Finally, children have also been shown to shift to increased risk taking when the immediate demands of the social situation favor these behaviors. Adults tend to perform behaviors that are convenient, even though these behaviors may increase the likelihood of injury to themselves or to their children.20 Recent evidence with children showed the same effect.33 When presented different possible paths of travel that pitted distance against safety (eg, the most convenient and fastest route was the riskiest one, the least convenient and slowest route was the safest), most children endorsed taking a more risky (convenient) route than was originally planned, and cited “convenience” as the reason for increasing their level of risk taking. This shift to greater risk taking was significantly greater for boys than for girls. Children justified their endorsement of a riskier path by changing their cognitive and emotional appraisals of risk to support their new riskier choice.33 Intervention programs need to make children aware of these situational determinants of risk taking, and attempt to promote children’s resistance to such immediate situational pressures. Using the types of inoculation intervention approaches outlined earlier may help achieve this aim.

GENERAL IMPLICATIONS FOR INTERVENTION

One of the greatest challenges to injury prevention is the variety of ways in which injuries result and, consequently, the potential range of intervention strategies. On the basis of the research findings reviewed, targeting micro-level factors is essential for interventions that aim to curtail injuries by reducing risk taking during the elementary years. Specifically, the research points to a number of potential targets for intervention (ie, what the intervention aims to alter), including children’s attitudes, beliefs, cognitions and emotions. Although these targets may be more familiar to psychologists than to public health professionals, extensive research with adults and adolescents provides insights into how to evoke changes in these factors at the individual level.30–32,76–78 These findings can provide foundational knowledge on how to develop intervention programs to target these key determinants of children’s risk taking. Of course, how one intervenes and the tactics used to disseminate the intervention are likely to achieve most success by also considering more macro-level factors, such as neighborhood attributes79 (eg, neighborhood friends communicating norms about risk taking, resources available to support safe play, etc), cultural considerations80–82 (eg, culture-based differences in the value placed on risk v safe behaviors, or in attitudes about interpreting injuries as “accidents”) and economic factors83 (eg, resources available to support risk v safety practices). Thus, in developing interventions for children of elementary-school age, there is a need not only to target individual attributes but also to consider the child within the broader socioeconomic context of family, friends, neighborhood and culture in order to maximize opportunities for success.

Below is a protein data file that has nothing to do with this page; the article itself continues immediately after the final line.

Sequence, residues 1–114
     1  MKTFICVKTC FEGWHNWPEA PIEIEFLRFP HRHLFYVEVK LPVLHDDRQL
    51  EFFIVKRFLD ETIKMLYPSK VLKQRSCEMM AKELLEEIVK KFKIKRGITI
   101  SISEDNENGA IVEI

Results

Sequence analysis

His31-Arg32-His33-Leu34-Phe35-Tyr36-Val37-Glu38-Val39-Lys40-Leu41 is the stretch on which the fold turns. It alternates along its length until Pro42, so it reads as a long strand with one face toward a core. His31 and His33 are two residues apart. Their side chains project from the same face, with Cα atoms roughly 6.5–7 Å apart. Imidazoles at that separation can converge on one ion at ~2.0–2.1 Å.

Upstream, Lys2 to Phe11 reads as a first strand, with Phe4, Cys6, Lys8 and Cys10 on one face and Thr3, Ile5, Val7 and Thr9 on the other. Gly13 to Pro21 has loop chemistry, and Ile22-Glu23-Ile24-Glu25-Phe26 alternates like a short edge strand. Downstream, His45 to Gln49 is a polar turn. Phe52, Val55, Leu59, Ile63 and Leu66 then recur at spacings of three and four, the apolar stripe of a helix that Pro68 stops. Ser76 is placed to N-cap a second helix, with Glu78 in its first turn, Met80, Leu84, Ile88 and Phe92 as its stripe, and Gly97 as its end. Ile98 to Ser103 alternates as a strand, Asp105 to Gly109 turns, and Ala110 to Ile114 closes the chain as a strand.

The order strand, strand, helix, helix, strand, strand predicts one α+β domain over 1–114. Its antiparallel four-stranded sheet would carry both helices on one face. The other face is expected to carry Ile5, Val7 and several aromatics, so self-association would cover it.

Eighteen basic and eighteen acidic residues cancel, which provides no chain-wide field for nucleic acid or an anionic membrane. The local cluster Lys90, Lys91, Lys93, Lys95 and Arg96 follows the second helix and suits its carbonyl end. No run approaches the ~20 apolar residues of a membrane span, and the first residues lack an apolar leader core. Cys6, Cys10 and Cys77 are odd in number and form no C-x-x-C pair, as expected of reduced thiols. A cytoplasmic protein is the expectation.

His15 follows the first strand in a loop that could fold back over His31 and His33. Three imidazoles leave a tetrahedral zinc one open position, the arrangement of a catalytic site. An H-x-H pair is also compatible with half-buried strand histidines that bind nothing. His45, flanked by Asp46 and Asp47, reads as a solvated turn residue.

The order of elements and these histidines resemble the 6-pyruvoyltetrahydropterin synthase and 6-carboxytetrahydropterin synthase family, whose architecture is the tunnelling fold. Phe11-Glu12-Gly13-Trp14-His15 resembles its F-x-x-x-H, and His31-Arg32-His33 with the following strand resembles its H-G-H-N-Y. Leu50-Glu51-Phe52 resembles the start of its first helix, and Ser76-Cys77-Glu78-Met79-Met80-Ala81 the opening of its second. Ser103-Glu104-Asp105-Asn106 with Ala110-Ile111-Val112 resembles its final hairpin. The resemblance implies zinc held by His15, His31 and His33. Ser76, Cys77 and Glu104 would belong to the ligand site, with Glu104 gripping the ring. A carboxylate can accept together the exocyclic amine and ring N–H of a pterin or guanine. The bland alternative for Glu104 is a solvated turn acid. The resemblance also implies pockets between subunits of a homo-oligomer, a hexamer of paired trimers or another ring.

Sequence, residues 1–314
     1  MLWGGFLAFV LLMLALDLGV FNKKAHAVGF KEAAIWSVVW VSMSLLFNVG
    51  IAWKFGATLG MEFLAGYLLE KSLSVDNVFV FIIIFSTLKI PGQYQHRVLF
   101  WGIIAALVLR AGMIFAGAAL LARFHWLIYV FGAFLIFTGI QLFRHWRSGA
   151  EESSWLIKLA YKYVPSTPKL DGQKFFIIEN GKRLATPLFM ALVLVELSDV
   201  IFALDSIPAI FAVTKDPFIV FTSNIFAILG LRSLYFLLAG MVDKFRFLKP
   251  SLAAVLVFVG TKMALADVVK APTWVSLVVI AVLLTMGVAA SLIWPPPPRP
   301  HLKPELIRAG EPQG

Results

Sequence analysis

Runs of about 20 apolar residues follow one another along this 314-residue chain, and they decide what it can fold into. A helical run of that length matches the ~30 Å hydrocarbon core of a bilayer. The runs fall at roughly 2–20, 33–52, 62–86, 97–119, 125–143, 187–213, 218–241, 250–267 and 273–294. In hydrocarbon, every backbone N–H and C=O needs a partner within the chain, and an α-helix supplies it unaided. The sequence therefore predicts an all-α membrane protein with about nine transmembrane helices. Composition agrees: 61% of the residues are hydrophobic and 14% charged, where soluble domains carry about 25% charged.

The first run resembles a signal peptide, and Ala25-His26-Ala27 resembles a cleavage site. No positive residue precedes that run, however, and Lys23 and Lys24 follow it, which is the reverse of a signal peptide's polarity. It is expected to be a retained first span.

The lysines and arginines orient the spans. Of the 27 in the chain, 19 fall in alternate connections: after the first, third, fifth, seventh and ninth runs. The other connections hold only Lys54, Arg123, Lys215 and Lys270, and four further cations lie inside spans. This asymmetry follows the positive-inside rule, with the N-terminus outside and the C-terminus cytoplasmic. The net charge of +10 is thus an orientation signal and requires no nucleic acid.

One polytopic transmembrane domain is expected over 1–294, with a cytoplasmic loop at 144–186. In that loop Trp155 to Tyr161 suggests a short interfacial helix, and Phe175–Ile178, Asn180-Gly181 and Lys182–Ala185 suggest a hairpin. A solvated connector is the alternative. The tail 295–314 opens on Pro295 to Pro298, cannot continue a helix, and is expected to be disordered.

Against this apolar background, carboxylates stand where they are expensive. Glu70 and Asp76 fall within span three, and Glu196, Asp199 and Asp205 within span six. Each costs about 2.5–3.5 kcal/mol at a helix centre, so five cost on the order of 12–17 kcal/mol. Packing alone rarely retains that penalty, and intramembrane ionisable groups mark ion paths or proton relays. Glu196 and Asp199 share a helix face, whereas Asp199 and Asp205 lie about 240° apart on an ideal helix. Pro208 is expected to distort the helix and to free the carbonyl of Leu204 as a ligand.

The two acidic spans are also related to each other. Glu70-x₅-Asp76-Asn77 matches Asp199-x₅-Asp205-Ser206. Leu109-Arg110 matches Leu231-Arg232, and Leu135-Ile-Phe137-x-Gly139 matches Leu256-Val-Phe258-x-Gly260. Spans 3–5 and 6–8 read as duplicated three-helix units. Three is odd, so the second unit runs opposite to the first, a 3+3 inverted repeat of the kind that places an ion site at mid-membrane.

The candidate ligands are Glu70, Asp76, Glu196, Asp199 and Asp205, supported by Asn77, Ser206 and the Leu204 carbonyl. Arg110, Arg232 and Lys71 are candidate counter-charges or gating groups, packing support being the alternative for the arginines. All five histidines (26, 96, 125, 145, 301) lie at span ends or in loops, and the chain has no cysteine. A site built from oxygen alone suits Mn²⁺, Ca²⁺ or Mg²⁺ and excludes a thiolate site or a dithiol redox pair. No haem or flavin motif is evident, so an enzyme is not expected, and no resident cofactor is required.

CONCLUSION

As shown in fig 1, children’s risk taking is a multi-determined outcome that is influenced by a variety of child, parent and family, and social-situational factors, and is set within a broader context of socioeconomic and cultural characteristics. The findings from numerous studies confirm that each of the determinants shown in fig 1 individually predicts risk-taking decisions in children 6–12 years of age, and many factors interact with sex and contribute to explain why boys engage in greater risk taking than girls. Although further research is needed to determine how these factors interact to influence risk taking, our current knowledge base is sufficiently developed to support the planning of evidence-based interventions to reduce inappropriate risk taking that increases injury risk among elementary-school children.

Acknowledgments

Preparation of the manuscript was supported by grants to the first author from the Canadian Institutes of Health Research, and by a grant to the second author from the Ontario Neurotrauma Foundation.

REFERENCES

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Footnotes

  • Competing interests: None.